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Published Date : September 16, 2012
When he accepted the invitation to deliver The Jefferson Lecture—our nation’s highest honor for distinguished intellectual achievement—Wendell Berry decided to take on the obligation of thinking again about the problems that have engaged him throughout his long career. He wanted a fresh start, not only in looking at the groundwork of the problems facing our nation and the earth itself, but in gaining hope from some examples of repair and healing even in these times of Late Capitalism and its destructive contagions. As a poet and writer he understood already that much can be gleaned from looking at the vocabulary of these problems themselves and how we describe them. And he settled on “affection” as a method of engagement and solution. The result is the greatest speech he has delivered in his six decades of public life. It All Turns on Affection will take its place alongside The Unsettling of America and The Gift of Good Land as major testaments to the power and clarity of his contribution to American thought.
We have taken this opportunity to include a small handful of other recent essays and a wonderful conversation between Mr. Berry, his wife Tanya Berry, and the head of the National Endowment of the Humanities Jim Leech, which took place just after the award was announced. The result offers a wonderful continuation of the long conversation Berry has had with his readers over many years and as well as a fine introduction to his life and work.
WENDELL BERRY was born in Henry County, Kentucky, in 1934. He earned a bachelor’s degree from the University of Kentucky in 1956 and continued on to complete a master’s degree in 1957. In 1958, he received a Wallace Stegner Fellowship from Stanford University.
Berry has taught at Stanford University, Georgetown College, New York University, the University of Cincinnati, and Bucknell University. He taught at his alma mater, the University of Kentucky from 1964-77, and again from 1987-93.
His books include the novel Hannah Coulter (2004), the essay collections Imagination in Place (2010) and What Matters? (2010), and Leavings: Poems (2010), all available from Counterpoint Press. Berry’s latest works include New Collected Poems (2012) and A Place in Time (2012), Wendell Berry’s newest volume in his Port William series.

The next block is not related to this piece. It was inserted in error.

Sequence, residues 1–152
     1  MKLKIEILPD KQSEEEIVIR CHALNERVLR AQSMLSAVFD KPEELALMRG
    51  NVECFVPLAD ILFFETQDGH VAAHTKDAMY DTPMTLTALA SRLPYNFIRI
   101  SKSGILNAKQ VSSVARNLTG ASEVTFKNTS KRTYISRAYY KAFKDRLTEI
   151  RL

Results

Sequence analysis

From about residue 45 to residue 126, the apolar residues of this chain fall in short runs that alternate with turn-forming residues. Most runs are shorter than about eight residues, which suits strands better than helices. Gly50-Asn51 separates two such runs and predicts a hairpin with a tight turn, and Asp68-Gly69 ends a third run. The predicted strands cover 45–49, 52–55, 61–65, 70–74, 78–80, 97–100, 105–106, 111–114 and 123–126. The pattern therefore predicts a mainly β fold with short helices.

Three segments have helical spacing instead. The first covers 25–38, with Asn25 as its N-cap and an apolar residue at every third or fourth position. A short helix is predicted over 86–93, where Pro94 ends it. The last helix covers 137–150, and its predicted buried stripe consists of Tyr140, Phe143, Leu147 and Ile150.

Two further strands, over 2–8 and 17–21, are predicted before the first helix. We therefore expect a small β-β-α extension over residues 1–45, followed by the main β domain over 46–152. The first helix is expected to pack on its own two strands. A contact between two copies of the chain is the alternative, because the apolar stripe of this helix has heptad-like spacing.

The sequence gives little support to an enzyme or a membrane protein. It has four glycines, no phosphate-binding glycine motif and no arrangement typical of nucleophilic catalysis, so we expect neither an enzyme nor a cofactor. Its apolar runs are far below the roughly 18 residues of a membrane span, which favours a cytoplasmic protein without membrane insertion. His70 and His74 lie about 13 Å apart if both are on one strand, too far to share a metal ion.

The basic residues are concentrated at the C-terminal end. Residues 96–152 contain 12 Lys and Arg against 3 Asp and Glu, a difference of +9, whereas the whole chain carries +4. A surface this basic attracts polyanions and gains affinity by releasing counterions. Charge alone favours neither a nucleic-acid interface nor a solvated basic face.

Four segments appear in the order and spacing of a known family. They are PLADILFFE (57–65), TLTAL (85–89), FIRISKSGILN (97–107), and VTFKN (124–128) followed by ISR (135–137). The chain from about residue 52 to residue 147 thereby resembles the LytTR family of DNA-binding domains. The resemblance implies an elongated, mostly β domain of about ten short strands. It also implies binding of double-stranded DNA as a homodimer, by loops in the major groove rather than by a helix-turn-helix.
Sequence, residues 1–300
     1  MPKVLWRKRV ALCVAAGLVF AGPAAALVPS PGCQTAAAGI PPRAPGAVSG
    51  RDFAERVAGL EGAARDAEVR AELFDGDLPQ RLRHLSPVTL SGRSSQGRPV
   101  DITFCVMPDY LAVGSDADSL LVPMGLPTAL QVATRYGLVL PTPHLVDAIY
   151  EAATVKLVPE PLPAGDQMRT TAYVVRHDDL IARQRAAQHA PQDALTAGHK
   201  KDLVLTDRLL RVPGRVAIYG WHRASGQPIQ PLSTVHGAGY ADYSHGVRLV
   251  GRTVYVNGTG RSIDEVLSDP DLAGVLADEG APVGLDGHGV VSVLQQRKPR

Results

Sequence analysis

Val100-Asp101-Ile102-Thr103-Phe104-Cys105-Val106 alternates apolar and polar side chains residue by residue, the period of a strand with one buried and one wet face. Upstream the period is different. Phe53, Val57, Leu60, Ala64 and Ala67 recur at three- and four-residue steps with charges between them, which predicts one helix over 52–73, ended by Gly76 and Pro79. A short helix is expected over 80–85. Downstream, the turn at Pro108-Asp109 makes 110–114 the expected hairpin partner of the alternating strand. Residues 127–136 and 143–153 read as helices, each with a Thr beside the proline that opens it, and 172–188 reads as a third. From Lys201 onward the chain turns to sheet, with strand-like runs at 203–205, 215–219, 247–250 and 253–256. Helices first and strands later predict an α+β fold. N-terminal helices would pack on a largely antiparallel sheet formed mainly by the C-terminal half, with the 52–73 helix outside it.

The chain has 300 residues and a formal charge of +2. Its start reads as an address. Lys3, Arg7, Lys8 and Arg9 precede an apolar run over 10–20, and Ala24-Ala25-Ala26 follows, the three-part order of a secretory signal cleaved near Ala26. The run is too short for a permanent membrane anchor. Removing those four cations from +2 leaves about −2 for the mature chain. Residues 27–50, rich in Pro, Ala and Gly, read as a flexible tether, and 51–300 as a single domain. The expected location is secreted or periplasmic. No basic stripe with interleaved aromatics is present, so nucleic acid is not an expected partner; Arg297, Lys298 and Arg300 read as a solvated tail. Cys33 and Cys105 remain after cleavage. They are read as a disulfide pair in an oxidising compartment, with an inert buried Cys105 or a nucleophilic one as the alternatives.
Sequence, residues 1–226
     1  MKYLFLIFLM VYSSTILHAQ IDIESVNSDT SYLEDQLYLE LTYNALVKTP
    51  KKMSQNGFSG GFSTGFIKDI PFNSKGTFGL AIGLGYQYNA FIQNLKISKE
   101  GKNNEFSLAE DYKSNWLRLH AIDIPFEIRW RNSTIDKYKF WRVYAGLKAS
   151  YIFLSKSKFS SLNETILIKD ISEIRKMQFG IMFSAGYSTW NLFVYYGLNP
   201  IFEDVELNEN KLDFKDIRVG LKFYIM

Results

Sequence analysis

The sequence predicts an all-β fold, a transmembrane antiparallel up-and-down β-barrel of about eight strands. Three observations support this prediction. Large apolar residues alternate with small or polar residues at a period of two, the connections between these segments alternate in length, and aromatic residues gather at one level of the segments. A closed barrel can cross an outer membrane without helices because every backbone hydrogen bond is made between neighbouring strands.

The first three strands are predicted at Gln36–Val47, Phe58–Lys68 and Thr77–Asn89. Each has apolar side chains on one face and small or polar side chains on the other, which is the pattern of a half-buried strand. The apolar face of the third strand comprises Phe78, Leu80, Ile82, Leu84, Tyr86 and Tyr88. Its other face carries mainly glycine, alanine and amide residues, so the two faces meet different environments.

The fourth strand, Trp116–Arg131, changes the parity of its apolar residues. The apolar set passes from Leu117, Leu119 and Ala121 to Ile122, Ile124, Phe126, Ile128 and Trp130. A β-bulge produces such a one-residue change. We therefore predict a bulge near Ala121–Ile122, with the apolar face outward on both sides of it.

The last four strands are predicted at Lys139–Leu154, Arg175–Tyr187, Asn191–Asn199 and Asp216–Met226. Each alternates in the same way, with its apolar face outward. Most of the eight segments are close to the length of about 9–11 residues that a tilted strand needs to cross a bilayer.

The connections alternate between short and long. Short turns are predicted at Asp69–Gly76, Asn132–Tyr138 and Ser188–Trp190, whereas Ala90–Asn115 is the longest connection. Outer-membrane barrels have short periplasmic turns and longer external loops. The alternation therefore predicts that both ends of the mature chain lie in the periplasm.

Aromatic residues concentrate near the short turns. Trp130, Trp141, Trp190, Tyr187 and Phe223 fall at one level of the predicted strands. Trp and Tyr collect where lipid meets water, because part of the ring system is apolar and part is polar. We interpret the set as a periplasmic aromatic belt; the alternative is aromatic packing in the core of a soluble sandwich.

He lives and works with his wife, Tanya Berry, on their farm in Port Royal, Kentucky.
Corporate industrialism has tended to be, and as its technological and financial power has grown it has tended increasingly to be, indifferent to its sources in what Aldo Leopold called “the land-community”: the land, all its features and “resources,” and all its members, human and nonhuman, including of course the humans who do, for better or worse, the work of land use. Industrialists and industrial economists have assumed, with permission from the rest of us, that land and people can be divorced without harm. If farmers come under adversity from high costs and low prices, then they must either increase their demands upon the land and decrease their care for it, or they must sell out and move to town, and this is supposed to involve no ecological or economic or social cost. Or if there are such costs, then they are rated as “the price of progress” or “creative destruction.”
But land abuse cannot brighten the human prospect. There is in fact no distinction between the fate of the land and the fate of the people. When one is abused, the other suffers. The penalties may come quickly to a farmer who destroys perennial cover on a sloping field. They will come sooner or later to a land-destroying civilization such as ours.